Debtors who own immovable goods, like real estate, can have that real estate seized and offered up for public sale. The proceeds from that sale will reduce or eliminate the amount of debt owed. Proper notification is required beforehand, and debtors who cooperate often avoid such public sales. It should be noted that this process is exceedingly long and expensive. Most creditors prefer not to pursue enforcement in immovable goods.
1.5.4 Expected timeframe
Enforcement is very time consuming, and can take anywhere from three months to three years.
1.6 Insolvency Proceedings
Insolvency proceedings are split into bankruptcy, suspension of payment, and composition. In bankruptcy, companies or private individuals can be declared bankrupt at their own request or at the request of a creditor. Proper evidence must be provided to the court, however. Bankruptcy is considered to be a collective enforcement, meaning that all creditors with a claim against the debtor can file a claim with the court for a share of the proceeds resulting from liquidation.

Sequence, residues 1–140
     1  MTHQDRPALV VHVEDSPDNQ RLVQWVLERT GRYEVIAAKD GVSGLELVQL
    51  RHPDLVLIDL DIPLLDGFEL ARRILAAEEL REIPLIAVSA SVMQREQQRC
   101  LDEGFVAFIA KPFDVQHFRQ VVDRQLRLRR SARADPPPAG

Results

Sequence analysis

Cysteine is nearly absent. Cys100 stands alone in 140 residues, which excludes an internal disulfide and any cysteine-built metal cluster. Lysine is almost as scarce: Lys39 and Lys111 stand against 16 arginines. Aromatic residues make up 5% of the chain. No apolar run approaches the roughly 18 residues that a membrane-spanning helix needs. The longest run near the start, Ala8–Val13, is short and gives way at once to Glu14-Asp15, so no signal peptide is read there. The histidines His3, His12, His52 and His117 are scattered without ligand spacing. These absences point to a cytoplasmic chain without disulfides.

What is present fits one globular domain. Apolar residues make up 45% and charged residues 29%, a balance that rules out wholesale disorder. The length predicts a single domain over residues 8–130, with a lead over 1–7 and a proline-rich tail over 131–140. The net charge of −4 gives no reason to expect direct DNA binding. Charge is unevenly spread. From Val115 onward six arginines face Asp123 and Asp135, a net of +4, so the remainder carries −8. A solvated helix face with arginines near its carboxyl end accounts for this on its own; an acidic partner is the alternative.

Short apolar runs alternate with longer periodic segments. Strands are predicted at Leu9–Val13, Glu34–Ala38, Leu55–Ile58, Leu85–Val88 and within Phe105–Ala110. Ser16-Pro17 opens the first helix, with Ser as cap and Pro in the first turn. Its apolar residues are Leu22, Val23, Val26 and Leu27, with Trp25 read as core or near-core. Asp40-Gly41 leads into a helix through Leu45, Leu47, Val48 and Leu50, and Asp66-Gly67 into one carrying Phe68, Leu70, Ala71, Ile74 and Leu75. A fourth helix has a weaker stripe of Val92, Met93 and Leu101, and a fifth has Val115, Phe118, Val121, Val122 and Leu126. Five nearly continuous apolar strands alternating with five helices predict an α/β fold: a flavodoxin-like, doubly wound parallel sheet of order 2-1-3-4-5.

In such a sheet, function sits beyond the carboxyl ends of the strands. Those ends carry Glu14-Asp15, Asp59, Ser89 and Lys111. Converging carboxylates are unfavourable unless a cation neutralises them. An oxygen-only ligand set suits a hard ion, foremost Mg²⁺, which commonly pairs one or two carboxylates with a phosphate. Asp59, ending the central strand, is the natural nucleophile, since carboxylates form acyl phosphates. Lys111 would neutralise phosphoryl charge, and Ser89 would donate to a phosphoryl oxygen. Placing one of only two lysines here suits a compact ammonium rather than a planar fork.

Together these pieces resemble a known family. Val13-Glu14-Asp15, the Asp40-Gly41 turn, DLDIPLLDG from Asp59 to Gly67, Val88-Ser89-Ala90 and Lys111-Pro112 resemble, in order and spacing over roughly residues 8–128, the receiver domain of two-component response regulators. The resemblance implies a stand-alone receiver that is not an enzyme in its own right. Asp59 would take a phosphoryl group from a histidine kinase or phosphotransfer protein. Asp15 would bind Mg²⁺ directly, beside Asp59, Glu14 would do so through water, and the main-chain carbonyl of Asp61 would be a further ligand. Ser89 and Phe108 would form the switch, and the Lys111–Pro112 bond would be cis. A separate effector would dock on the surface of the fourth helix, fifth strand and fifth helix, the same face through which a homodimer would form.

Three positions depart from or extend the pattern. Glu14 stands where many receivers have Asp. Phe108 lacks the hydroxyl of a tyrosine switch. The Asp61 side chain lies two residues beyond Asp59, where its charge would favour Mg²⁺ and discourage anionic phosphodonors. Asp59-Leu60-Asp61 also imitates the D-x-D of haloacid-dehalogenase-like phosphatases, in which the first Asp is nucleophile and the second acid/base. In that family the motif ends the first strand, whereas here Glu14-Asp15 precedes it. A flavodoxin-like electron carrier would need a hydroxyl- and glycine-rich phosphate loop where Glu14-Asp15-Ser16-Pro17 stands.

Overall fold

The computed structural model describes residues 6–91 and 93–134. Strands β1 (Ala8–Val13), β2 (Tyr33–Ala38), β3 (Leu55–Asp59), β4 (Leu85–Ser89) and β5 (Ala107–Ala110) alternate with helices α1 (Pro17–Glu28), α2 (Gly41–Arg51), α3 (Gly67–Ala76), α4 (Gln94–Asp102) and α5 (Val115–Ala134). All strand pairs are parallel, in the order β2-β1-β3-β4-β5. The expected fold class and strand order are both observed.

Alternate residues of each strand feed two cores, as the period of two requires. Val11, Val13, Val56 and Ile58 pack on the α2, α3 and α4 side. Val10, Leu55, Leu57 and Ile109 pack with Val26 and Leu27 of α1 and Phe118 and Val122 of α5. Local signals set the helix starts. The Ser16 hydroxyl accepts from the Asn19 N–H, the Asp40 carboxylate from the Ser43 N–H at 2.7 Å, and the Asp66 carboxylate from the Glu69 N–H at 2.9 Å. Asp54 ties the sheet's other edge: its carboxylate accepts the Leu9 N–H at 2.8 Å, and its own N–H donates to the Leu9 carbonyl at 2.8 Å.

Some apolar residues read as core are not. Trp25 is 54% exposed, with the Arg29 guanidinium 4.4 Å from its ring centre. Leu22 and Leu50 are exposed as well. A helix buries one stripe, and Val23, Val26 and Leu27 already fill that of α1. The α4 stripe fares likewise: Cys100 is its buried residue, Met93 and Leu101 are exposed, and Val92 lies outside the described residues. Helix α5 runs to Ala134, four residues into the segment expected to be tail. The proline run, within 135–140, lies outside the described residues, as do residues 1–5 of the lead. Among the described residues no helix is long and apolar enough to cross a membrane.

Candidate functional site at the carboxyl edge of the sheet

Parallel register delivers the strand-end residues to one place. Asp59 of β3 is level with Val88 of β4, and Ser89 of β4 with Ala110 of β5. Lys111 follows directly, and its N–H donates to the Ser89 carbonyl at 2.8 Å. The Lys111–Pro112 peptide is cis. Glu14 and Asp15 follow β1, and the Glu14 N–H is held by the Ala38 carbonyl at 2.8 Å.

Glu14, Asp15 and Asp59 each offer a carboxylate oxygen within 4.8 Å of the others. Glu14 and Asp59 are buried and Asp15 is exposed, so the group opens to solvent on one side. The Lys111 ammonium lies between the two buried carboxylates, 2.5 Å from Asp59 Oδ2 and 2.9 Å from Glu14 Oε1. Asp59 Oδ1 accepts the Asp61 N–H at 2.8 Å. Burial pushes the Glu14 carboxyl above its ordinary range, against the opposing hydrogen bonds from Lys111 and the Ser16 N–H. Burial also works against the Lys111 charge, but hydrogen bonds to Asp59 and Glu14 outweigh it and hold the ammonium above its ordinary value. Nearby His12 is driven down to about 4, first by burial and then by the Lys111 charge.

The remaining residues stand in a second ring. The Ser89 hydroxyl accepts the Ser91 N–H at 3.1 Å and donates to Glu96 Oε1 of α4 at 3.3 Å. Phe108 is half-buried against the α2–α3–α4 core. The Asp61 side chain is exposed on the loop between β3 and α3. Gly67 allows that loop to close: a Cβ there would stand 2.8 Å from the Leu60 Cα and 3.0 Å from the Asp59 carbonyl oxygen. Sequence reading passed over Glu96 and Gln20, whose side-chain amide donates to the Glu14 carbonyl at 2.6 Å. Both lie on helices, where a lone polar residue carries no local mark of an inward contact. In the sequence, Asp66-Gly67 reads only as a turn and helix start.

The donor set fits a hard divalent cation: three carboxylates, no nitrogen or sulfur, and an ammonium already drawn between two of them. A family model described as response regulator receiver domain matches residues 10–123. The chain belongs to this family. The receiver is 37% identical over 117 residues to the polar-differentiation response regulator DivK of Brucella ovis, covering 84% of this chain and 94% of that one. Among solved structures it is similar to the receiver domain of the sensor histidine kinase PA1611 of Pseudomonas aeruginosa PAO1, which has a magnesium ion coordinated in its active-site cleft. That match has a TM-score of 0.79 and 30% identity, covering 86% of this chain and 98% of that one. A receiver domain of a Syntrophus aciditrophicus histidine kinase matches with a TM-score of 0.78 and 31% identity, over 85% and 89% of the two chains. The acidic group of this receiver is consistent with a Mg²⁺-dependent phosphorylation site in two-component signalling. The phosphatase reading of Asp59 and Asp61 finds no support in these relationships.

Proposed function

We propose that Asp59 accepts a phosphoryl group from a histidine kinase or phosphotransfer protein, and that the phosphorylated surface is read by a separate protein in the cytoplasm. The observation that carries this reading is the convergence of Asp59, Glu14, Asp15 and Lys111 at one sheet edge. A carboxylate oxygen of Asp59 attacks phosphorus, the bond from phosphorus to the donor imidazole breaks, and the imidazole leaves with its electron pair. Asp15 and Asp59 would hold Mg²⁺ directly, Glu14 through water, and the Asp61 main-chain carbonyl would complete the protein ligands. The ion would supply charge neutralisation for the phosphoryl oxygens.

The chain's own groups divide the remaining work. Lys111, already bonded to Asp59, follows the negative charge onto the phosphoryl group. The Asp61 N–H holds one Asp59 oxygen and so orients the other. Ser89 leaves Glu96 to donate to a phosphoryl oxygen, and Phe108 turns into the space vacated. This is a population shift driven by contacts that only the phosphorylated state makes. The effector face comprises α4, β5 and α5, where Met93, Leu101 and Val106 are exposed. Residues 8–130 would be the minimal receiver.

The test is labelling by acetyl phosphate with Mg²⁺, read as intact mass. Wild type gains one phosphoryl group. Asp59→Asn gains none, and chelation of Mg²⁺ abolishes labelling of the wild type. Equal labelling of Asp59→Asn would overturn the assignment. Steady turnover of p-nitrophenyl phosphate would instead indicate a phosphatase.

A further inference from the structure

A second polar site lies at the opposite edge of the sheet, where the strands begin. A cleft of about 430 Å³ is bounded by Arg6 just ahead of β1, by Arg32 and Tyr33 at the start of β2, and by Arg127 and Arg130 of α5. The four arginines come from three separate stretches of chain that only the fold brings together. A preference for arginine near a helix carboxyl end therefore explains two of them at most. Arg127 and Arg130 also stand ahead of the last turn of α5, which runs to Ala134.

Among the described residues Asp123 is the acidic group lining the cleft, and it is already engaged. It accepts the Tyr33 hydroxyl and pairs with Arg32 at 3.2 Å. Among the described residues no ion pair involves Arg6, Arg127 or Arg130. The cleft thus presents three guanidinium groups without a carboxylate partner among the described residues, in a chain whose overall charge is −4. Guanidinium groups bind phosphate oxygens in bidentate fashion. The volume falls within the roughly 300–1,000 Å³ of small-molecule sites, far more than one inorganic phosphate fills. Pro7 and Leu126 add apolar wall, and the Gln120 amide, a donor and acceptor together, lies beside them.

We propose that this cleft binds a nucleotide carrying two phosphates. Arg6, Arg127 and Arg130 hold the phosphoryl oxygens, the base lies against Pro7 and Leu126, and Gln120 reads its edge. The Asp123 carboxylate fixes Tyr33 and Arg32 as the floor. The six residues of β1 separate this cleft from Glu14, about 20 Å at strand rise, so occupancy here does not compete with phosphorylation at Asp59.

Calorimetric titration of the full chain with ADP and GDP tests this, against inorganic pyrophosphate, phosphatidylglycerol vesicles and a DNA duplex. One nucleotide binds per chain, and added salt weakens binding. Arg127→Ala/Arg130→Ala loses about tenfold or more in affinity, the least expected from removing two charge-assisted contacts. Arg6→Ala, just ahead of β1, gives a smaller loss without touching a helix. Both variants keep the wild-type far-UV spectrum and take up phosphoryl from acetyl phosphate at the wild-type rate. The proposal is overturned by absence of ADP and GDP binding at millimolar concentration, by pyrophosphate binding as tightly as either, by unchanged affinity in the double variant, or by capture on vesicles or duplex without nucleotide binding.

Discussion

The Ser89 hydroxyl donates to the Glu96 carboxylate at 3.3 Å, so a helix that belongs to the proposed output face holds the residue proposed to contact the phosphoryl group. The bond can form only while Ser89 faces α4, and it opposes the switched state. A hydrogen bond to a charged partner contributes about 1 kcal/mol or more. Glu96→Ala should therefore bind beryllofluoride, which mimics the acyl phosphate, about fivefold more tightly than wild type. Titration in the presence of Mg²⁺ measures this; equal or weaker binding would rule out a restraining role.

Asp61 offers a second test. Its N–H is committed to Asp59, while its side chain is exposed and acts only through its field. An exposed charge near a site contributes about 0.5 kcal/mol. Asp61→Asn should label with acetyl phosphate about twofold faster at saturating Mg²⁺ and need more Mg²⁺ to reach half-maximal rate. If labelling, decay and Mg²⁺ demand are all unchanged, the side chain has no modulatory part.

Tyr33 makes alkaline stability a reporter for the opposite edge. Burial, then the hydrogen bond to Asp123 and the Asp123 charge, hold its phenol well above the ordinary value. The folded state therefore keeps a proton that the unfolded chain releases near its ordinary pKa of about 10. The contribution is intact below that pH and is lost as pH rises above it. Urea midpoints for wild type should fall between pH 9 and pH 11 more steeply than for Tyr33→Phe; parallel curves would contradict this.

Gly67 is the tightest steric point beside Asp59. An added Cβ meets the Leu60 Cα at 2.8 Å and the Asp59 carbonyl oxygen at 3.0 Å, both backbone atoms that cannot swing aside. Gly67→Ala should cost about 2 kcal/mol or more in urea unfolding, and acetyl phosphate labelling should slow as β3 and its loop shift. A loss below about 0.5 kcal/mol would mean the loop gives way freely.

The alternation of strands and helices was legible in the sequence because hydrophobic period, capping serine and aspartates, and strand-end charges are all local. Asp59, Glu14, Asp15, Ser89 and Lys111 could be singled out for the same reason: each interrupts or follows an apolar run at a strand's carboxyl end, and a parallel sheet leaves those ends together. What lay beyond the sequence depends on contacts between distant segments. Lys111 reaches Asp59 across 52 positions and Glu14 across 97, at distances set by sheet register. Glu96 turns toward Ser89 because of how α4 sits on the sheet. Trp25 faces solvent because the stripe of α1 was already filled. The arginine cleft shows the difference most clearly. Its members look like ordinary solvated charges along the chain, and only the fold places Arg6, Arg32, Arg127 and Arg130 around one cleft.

During suspension of payment, a debtor is released from their payment arrangements and is able to make a plan that will restructure the company. Suspension can last from two to six months, and the court will demand a restructuring plan at the end of the suspension period. If approved, it immediately becomes enforceable and the company must begin meeting their obligations to creditors as set forth in the plan.
Composition in the Netherlands allows for partial payment and settlement of debts, so long as a good faith effort is made on behalf of the debtor to restructure, reduce debts, and make payments to each creditor. This procedure is only applicable to naturalized citizens and local companies formed in the Netherlands.
An insolvency professional is appointed in all three cases. During composition and suspension of payment, that appointed professional is charged with helping the debtor create a new plan for repayment of their obligations. This will be done by analyzing the debtor’s obligations, assets, and capital, and drafting a plan that satisfies all three areas of the business. The plan will then be submitted by the appointed trustee to the creditors and the courts. Creditors must vote majority approval of any such plan.